If you get into a car accident, gathering evidence is key to protecting your legal rights. Some of the most common contributing factors in the U.S. include distracted driving such as texting while driving, driving over the speed limit and drunk driving. No matter what the cause, to build a strong case for an insurance claim or an injury lawsuit, the more evidence you have, the better. Even if you feel the accident was a relatively minor one, it’s always a good idea to collect evidence as soon as it occurs. Sometimes an insurer or the other driver, even if truly negligent, will contest the claim.
Keep in mind that both memories and physical evidence tend to fade with time which makes it crucial to act promptly and make an appointment with the best car accident attorney you can as quickly as possible.
What kind of evidence do you need? Again, the more the better – insurance companies are well aware that the person seeking any damages is the one who bears the burden of proof to receive compensation. That means that if you’re the injured party, you will have to establish that the other driver was at fault and that you suffered damages and injury. Evidence can come in several different forms, including the following.
If you haven’t sustained injuries that prevent you from taking photos, you should use your phone to capture as many pictures of the scene as possible from various angles, including any debris on the road, skid marks or other visual evidence. If there is a stop sign or traffic light, take a photo of that as well to help show where the accident occurred in relation to it and who had the right of way. If the other driver claims they couldn’t see your vehicle coming, but you can take photos from the perspective of the other driver that show he or she had a clear view from 500 feet, for example, the other driver is likely to lose the case.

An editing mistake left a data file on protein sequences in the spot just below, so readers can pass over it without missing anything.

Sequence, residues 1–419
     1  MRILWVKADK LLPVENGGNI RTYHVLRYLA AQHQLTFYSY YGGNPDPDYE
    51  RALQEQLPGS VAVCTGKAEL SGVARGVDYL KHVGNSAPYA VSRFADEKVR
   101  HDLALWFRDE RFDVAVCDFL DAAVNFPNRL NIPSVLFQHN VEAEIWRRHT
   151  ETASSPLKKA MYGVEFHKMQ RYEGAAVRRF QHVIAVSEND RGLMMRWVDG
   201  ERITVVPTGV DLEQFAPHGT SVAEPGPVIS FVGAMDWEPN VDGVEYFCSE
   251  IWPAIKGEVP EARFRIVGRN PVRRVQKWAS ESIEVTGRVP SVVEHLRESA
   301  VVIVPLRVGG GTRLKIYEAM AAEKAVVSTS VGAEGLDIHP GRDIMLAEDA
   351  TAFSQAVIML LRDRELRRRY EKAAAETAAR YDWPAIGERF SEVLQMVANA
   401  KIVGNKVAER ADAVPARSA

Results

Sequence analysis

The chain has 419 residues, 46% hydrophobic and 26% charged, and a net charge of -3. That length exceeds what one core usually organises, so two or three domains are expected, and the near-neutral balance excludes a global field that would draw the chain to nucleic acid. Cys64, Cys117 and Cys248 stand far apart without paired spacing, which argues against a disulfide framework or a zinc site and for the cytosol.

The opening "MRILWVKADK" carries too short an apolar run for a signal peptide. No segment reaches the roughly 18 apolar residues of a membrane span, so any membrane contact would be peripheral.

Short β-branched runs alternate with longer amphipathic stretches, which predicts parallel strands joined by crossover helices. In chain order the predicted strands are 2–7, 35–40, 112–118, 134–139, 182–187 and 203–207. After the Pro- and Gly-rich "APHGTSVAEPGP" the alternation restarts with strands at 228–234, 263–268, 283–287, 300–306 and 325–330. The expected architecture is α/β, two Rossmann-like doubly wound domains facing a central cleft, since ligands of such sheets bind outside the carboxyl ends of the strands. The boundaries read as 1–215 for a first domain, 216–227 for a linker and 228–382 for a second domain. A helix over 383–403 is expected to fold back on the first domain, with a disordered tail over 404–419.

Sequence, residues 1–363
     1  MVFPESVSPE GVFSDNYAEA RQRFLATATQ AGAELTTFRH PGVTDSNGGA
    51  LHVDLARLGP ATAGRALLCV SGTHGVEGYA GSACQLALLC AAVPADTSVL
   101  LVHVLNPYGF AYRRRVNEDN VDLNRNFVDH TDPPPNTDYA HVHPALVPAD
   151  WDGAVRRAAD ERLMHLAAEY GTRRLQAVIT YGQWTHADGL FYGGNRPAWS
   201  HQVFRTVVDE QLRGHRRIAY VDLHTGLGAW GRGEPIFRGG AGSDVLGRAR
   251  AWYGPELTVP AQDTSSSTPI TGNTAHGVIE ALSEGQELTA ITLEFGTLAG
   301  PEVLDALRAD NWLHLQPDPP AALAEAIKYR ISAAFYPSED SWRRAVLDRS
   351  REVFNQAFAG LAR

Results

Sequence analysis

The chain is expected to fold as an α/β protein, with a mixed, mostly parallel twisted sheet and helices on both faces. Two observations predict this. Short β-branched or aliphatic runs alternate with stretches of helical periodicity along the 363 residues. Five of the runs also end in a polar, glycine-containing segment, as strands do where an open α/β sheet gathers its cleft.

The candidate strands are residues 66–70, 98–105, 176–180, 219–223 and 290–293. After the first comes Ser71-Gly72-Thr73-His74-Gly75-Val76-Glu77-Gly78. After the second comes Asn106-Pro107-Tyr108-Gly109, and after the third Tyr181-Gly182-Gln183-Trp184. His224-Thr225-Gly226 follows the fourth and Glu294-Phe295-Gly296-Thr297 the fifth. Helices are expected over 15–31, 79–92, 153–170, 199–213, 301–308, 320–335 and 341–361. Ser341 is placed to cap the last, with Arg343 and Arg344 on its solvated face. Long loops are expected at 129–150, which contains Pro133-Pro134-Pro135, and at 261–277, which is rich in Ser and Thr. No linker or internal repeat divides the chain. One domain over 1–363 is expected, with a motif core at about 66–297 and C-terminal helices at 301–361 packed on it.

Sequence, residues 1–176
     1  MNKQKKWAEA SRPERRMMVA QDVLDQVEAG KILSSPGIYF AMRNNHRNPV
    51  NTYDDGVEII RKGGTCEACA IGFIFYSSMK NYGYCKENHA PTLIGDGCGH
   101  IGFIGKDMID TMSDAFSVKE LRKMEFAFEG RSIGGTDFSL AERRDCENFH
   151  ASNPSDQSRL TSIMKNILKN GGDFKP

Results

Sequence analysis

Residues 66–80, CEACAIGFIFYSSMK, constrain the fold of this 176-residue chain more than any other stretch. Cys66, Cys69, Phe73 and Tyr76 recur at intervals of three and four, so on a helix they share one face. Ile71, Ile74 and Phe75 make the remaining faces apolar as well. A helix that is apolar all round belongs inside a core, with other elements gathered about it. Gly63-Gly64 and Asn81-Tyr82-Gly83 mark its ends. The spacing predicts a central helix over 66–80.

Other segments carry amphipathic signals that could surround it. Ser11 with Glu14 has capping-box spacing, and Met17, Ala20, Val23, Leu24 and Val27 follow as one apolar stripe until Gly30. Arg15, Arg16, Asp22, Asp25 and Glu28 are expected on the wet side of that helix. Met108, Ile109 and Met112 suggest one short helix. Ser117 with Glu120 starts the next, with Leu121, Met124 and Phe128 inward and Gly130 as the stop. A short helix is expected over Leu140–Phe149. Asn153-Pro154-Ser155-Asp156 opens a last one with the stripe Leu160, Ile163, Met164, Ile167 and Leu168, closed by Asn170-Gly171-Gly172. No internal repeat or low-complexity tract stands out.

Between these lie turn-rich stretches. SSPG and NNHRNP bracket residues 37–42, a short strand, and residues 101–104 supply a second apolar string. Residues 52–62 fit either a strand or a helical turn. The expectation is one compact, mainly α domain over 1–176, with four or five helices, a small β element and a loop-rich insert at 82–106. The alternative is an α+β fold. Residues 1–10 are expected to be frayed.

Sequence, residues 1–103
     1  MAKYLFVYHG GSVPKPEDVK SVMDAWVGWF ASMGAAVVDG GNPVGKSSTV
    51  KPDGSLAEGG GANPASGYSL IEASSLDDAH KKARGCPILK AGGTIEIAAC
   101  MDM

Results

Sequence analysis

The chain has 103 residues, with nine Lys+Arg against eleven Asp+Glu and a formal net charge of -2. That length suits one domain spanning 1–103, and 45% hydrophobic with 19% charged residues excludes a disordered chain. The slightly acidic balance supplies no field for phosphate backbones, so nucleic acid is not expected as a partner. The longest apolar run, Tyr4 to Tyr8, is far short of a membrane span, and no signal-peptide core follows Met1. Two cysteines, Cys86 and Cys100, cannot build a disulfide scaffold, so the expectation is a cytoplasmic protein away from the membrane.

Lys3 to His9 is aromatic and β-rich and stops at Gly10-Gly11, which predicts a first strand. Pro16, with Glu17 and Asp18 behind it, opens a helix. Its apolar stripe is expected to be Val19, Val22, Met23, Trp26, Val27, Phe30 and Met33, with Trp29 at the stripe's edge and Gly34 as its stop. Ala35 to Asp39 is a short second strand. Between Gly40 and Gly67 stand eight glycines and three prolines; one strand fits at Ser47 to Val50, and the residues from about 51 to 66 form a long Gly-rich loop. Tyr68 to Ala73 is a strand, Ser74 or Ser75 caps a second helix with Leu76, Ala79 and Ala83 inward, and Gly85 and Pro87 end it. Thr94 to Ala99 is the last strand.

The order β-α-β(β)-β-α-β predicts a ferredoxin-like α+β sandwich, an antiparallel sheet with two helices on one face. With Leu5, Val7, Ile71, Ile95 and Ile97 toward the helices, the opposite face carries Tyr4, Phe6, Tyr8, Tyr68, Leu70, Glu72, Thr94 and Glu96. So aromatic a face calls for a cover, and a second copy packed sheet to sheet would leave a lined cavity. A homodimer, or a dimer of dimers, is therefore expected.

Photos of any damage to the vehicles can also help prove the extent of your losses while providing more details as to the mechanics of what happened. Taking photos of your injuries, if any, is also important.
Reporting the accident to the police is also essential. If an officer comes to the scene of the accident they will prepare an official report and you should get a copy. Depending on the state, the report should list the officer’s conclusion of who was at fault. While police officers usually don’t witness the accident their conclusion is a key part of the evidence. Insurers will want to know what any investigating officers thought in respect to how it occurred. In some states, both drivers also have to file an accident report with the Department of Motor Vehicles (DMV). If that’s the case in your state, you’ll want a copy of the other driver’s report to check of any inconsistencies between the story they gave to their insurer, the police, and the DMV. If there are conflicts, they may help you show that the other driver’s version of events shouldn’t be considered credible.
If there were any witnesses to the accident, such as drivers of other vehicles or pedestrians in the area, you’ll want to gather their names and contact information. Try to find out if any of them have taken photos and ask them to send you copies too. Their testimony may be able to confirm your version of the events, potentially contradicting any argument by the other driver that you were at fault.
Something many people don’t think about is saving the clothing they were wearing during the accident. If it was torn or there are any blood stains that can be dramatic evidence to show the jury if the case goes to trial.
Even if you’ve received just a minor injury, it’s essential to obtain professional medical attention. There are some injuries such as concussions, internal bleeding or brain injuries that don’t reveal themselves until after the fact, so you may not even be aware that you were injured. Seeing a healthcare provider immediately afterward also helps to document any injuries that were incurred from the accident, providing more evidence if an insurance company tries to argue your injuries were caused by something else.